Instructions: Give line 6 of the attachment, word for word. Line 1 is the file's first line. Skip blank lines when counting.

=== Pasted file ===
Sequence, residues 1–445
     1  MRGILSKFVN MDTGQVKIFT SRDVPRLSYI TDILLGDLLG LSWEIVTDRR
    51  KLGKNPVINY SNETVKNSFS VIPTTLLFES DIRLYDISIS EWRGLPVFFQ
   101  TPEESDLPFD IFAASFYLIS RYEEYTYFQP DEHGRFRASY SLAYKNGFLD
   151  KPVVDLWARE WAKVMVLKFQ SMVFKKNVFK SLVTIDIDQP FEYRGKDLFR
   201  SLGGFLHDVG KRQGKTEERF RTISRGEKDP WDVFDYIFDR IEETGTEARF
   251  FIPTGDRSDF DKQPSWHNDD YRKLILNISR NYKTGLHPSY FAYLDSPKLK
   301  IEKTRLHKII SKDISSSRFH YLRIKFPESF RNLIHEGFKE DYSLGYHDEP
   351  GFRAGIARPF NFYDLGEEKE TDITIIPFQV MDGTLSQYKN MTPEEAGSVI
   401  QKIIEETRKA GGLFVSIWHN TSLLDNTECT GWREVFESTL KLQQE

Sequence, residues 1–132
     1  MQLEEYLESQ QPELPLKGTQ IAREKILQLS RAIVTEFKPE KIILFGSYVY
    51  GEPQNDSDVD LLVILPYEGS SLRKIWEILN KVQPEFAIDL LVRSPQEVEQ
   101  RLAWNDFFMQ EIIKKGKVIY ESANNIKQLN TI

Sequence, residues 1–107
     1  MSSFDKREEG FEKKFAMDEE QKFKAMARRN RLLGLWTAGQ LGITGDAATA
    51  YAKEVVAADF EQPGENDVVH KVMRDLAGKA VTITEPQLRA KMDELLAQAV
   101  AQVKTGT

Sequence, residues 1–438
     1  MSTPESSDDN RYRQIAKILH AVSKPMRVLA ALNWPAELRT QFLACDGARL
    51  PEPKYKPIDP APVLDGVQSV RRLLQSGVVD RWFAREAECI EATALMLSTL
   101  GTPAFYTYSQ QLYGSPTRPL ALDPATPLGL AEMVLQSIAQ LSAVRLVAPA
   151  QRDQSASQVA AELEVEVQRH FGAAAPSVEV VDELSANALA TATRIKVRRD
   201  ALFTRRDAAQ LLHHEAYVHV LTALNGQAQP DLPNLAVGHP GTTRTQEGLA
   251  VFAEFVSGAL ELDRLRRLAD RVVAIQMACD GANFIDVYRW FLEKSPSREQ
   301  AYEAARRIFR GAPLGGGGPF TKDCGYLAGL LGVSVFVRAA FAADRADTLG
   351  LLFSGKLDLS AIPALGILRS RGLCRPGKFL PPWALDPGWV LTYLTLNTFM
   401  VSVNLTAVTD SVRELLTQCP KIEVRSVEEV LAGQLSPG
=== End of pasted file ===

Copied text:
   201  SLGGFLHDVG KRQGKTEERF RTISRGEKDP WDVFDYIFDR IEETGTEARF